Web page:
Kidneys and bone health

Yesterday, 20 October, was the celebration of World Osteoporosis Day. And while my wife, the endocrinologist, usually handles these cases, I have my fair share of patients with bone problems as well.

When patients have chronic kidney disease, this affects the mineral balance within the body, affecting minerals, such as calcium, phosphorus and also vitamin D. Damaged kidneys cannot either eliminate an excess of these minerals, or they cannot help keep steady levels in the body.  Since the bones are the main reservoir of these minerals, CKD can affect bone quality, leading to weak bones that can fracture easily, much like in osteoporosis. This is known as CKD-mineral and bone disorder.

TO avoid CKD-MBD, refrain from damaging your kidneys in the first place.


One affected mineral in CKD is phosphorus. Too much phosphorus in the blood makes calcium come out of the bones, causing them to weaken. This calcium that is pulled out of the bones is misplaced, affecting blood vessels and causing then to harden, leading to high blood pressure and heart disease.

Having CKD also makes it difficult for the body to use vitamin D properly. Vitamin D helps the body absorb calcium from ingested food and supplements. If vitamin D is not processed properly by the kidneys, this can lead to an imbalance in calcium levels. Even if there is calcium being pulled out by the bones, the calcium is not in the right place and calcium levels can be low in CKD.

Both elevated phosphorus and low calcium levels affect a hormone called parathyroid hormone. PTH is made by the small parathyroid glands which are located in the neck, behind the thyroid gland. In CKD, the parathyroid glands make more PTH to move calcium from your bones to restore normal blood calcium levels, but this will continue to prevent the bones from getting much-needed calcium to remain strong.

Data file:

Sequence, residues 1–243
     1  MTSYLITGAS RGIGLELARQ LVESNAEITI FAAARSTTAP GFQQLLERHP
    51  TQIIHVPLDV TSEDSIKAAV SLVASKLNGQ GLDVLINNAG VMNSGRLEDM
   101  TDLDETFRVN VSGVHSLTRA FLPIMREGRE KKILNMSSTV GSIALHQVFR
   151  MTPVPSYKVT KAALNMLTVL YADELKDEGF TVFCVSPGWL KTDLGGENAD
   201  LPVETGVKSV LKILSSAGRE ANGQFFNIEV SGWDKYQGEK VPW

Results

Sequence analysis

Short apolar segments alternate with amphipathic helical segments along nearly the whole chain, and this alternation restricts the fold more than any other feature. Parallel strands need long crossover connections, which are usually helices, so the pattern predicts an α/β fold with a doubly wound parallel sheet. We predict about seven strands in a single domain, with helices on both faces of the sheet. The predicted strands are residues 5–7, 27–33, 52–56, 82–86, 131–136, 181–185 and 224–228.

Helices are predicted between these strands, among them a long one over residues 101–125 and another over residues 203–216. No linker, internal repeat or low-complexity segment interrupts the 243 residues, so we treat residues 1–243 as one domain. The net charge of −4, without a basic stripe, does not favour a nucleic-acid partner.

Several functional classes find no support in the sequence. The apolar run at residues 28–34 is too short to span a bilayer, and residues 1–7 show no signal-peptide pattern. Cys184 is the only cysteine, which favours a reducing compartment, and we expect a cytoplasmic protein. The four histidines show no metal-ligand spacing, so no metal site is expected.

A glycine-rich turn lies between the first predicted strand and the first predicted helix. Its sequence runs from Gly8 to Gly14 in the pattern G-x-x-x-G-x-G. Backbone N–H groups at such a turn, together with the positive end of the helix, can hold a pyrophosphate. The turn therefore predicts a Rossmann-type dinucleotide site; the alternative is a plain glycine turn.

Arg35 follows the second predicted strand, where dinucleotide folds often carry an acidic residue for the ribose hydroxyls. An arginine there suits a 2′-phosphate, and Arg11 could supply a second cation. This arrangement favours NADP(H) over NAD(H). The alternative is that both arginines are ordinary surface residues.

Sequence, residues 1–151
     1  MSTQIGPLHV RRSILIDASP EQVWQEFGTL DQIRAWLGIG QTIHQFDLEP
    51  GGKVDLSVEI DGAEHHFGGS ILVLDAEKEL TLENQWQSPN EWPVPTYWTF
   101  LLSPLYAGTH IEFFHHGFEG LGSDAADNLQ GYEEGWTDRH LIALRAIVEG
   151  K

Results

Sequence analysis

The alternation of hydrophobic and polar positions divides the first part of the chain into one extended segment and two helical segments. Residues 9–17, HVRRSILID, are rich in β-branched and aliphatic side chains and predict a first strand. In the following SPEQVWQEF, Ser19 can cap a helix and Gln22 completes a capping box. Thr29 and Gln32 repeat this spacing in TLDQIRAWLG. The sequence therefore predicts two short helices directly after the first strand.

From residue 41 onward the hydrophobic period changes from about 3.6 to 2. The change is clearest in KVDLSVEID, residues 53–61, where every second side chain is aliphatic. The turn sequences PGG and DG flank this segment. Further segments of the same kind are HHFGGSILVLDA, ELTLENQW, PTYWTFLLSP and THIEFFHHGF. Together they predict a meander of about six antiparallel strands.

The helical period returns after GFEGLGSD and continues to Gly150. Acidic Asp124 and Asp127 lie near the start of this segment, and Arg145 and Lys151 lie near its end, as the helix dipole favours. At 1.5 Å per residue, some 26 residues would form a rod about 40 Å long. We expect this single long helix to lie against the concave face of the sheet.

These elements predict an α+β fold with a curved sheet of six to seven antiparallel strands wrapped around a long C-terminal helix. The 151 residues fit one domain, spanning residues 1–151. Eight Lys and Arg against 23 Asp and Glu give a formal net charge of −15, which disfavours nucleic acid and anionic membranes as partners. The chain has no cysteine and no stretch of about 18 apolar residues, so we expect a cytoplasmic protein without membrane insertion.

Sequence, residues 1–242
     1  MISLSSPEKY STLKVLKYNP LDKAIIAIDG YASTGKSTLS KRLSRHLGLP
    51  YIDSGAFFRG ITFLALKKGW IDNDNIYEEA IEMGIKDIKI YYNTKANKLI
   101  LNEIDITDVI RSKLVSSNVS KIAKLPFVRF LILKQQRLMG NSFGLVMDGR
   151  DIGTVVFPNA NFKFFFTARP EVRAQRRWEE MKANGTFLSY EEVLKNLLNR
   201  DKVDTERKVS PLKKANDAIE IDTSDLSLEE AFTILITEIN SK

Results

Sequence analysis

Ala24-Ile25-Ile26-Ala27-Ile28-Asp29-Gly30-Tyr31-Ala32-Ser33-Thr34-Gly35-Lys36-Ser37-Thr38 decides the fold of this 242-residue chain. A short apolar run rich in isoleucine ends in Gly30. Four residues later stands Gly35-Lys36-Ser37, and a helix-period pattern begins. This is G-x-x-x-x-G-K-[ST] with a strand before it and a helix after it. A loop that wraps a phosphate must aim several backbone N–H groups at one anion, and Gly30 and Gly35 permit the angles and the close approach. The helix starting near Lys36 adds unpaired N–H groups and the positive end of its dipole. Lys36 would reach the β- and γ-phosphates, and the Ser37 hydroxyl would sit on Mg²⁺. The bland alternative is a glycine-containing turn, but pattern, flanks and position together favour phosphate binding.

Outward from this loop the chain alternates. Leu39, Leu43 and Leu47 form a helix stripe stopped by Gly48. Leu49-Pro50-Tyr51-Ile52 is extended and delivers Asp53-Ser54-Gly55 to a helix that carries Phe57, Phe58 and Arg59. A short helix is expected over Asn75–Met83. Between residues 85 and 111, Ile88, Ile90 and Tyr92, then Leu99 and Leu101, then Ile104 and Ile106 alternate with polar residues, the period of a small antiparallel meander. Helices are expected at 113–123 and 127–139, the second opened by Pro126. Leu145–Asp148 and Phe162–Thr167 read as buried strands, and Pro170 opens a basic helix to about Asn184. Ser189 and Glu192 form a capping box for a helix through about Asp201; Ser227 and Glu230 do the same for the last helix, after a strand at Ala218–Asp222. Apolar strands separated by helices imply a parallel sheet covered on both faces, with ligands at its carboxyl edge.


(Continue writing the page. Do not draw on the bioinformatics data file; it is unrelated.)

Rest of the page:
CKD-MBD is more common in people with CKD who have kidney failure and are on dialysis. It is more evident in post-menopausal women and those older than 65, but it can be present in younger individuals. Patients with CKD who do not adhere to a proper diet low in phosphorus (see my 3 June article), do not take their medications to control phosphorus levels (such as sevelamer) and do not stay on dialysis for the full prescribed time (at least three times a week) will have more severe CKD-MBD, leading to further complications.

Having CKD-MBD can also lead to heart and blood vessel problems. Those who have these complications can have a poorer quality of life, may spend more time admitted in the hospital, have a higher risk of fractures and can even die.

Too much phosphorus in the blood makes calcium come out of the bones, causing them to weaken.


CKD-MBD usually does not present with any symptoms until a bone is broken, just like in osteoporosis. A bone mineral density can help detect that the bones are weakening, but this test does not tell us what caused the bones to weaken. Blood tests are needed to check on kidney function, as well as levels of phosphorus, calcium, vitamin D and PTH. These tests are abnormal in CKD and usually normal in osteoporosis.

How can CKD-MBD be avoided? One way is to avoid damaging the kidneys in the first place. Get regular check-ups, eat a healthy diet, maintain the proper weight, exercise and avoid smoking and do not drink alcohol in excess. Controlling  conditions like high blood pressure and diabetes also help.

If you already have CKD, MBD can no longer be prevented but you can slow it down. Consult your doctor to discuss changes in your diet and take prescribed medicines as ordered. Do not take any supplements or pain medications, even the over-the-counter medications, without discussing this with your doctor.

If your nephrologist recommends that you need dialysis, do not delay this and make sure you complete your treatments as prescribed. A kidney transplant may also be recommended or surgery to remove some of the parathyroid glands that make PTH.  Also take precautions not to fall and install grab bars and anti-slip mats in high risk areas, such as in the shower and by the toilet.